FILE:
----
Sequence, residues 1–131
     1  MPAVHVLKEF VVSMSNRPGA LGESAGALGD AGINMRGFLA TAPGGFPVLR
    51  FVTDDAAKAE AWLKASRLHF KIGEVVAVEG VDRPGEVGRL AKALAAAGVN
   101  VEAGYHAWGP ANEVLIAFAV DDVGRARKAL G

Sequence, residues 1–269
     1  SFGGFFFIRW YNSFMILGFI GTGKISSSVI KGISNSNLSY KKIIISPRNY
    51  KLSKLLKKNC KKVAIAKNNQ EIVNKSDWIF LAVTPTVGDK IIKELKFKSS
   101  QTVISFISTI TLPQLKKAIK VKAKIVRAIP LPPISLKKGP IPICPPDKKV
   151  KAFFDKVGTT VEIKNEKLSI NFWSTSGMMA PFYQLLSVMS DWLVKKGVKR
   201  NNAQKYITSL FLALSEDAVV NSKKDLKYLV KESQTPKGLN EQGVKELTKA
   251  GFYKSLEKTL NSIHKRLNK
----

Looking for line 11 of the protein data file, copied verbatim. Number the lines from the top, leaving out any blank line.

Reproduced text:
   251  GFYKSLEKTL NSIHKRLNK